What is Lomilomi Massage?

Hawaiian traditions of healing, community, and spirituality birthed the unique massage style called Lomilomi. Originally known only in Hawaii, Lomilomi is now available worldwide. How does Lomilomi differ from other massage styles, and is it right for you?

Lomilomi Origins

When Captain James Cook “discovered” Hawaii in 1778 [1], he found a welcoming people living in paradise. The genial relationship between Cook and the Hawaiians ended as the Europeans began to exploit the people. Over time, American missionaries and others came to the beautiful Hawaiian islands. They tried to suppress local traditions, in favor of Christian traditions. They drove the spiritual and healing arts underground. These traditions survived only by oral tradition.

We are thankful that Hawaiian Kahunas (masters of their art) maintained the practice of Lomilomi in secret. In the early 1970’s “Auntie Margaret” (Margaret Kalehuamakanoelu’ulu’uonäpali Machado) became one of the first to teach Lomilomi to non-Hawaiians [2].

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How is Lomilomi Massage Different?

It’s a Little Bit Like Swedish Massage….

If we compare Lomilomi to other massage styles, it might resemble Swedish massage [3]. Both styles include long, flowing strokes. They both make a great “relaxation” massage. Lomilomi and Swedish massage both use a lubricant for a smooth flow. A Swedish massage therapist uses lotion, cream, or oil. But in Lomilomi we always use a plain oil, and a lot of it!

Swedish massage strokes often run the length of a limb. One stroke may cover the whole back. In contrast, Lomilomi massage is unconstrained. One stroke may run from heel, to shoulder, and back again! The Lomilomi “giver” (therapist) spends the session in an improvisational dance [4]. They follow their intuition (or the guidance of their Uhane, the higher self). The signals given by the “receiver’s” (client’s) body guide them to bring peace and healing wherever it is needed.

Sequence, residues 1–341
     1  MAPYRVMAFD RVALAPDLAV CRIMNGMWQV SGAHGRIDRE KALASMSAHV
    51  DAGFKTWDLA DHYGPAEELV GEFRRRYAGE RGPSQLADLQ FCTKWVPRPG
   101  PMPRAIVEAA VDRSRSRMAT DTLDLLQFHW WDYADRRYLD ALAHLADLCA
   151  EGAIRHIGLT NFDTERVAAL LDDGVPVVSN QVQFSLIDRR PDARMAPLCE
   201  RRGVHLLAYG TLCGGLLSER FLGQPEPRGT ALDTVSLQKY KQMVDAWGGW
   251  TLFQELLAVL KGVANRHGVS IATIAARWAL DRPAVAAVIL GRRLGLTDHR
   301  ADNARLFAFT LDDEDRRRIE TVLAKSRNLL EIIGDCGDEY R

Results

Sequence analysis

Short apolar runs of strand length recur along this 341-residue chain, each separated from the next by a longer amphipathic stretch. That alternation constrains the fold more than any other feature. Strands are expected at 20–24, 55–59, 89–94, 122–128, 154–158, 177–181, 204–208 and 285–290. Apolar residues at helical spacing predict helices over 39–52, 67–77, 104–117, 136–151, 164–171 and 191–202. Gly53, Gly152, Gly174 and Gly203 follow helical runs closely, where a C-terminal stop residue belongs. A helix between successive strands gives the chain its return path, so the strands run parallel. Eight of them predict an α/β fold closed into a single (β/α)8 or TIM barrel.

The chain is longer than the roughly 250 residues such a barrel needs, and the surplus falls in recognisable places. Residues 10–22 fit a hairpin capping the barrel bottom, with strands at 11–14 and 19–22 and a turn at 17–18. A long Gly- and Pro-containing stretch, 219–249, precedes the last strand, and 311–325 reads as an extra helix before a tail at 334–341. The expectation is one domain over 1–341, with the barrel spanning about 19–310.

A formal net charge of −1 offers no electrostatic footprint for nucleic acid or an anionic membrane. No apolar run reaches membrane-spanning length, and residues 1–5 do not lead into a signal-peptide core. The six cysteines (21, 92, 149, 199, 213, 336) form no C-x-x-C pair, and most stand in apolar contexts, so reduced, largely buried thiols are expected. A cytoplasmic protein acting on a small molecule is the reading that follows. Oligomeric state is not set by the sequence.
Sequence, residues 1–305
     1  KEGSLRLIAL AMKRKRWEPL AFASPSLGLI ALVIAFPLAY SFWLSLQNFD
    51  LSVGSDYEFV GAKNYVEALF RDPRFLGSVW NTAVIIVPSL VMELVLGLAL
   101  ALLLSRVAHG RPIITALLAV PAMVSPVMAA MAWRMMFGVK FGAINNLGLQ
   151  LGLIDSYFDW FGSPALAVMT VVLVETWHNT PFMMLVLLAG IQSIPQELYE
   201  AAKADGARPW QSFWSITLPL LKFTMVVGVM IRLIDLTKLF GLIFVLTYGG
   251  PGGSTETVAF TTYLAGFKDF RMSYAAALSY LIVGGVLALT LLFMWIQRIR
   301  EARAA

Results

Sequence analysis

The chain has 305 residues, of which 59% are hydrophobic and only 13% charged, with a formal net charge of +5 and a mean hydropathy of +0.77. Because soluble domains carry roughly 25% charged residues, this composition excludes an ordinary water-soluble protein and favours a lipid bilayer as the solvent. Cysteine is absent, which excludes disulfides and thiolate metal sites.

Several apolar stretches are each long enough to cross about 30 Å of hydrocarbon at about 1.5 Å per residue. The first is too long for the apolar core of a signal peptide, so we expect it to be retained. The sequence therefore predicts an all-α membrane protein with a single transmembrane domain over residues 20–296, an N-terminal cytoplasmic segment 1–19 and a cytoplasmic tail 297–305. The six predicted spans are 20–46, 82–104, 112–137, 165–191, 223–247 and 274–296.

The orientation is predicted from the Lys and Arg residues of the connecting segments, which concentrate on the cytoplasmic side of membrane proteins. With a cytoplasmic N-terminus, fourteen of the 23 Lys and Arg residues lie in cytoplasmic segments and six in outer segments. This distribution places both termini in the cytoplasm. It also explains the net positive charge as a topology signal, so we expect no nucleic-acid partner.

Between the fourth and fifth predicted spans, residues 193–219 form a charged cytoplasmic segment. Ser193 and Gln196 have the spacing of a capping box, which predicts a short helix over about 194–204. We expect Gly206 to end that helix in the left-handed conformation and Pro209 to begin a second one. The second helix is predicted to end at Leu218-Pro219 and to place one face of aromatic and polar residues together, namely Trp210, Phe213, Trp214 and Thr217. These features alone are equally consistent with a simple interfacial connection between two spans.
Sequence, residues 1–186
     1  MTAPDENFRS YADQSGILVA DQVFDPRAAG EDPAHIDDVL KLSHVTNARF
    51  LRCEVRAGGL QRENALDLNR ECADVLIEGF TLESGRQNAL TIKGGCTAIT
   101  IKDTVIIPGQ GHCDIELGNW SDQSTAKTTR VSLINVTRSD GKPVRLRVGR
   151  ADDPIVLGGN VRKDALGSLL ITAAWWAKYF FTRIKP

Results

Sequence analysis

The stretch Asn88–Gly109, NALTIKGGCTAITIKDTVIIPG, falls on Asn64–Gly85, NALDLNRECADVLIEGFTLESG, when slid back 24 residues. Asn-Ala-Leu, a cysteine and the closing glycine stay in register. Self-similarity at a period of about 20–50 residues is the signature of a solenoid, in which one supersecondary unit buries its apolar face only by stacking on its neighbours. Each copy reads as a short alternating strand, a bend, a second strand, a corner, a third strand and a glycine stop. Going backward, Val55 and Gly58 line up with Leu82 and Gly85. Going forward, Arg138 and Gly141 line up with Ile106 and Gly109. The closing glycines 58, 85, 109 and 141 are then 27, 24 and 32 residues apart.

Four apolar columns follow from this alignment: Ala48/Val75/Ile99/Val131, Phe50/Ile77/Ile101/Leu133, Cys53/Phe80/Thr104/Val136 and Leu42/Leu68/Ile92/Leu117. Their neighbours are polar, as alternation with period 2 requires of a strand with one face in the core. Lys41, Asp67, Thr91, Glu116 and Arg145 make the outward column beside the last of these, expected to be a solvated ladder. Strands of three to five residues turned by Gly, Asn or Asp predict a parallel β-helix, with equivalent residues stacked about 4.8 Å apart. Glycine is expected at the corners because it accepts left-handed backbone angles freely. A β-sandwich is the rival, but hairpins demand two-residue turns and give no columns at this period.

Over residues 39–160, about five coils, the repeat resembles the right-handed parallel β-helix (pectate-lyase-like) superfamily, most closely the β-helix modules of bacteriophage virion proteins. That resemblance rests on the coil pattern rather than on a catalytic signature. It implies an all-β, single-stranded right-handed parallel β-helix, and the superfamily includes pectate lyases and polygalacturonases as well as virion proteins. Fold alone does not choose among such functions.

A typical massage focuses on one area at a time. The therapist undrapes the area, works on the area, and redrapes. Then they move on to the next area. The therapist might not return to an area once it has been massaged.

Lomilomi massage structure differs greatly from typical massage. It’s more like a dance. Instead of focusing on one part at a time, the dance can move from leg, to trunk, to neck, and back again. The giver may leave one area, focus on another area, and another, only to return again, later. The feeling resembles an ocean wave, lapping and rocking the receiver’s body, promoting deep relaxation.

But the Draping….

Minimal draping makes the free-flowing movement possible. Not all clients will be comfortable with this. But a Lomilomi giver always maintains proper draping. A licensed massage therapist always respectfully adheres to their state’s regulations [5]. You should decide if Lomilomi matches your modesty level, and always enjoy the kind of massage that makes you comfortable.